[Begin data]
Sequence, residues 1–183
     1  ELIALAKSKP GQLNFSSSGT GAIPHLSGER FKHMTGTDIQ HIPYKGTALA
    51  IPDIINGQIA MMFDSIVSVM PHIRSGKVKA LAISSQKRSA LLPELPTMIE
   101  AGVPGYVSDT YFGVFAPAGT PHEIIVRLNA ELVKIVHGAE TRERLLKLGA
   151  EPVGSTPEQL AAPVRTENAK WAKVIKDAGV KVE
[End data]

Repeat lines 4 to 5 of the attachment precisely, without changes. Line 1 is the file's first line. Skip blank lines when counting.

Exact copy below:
   101  AGVPGYVSDT YFGVFAPAGT PHEIIVRLNA ELVKIVHGAE TRERLLKLGA
   151  EPVGSTPEQL AAPVRTENAK WAKVIKDAGV KVE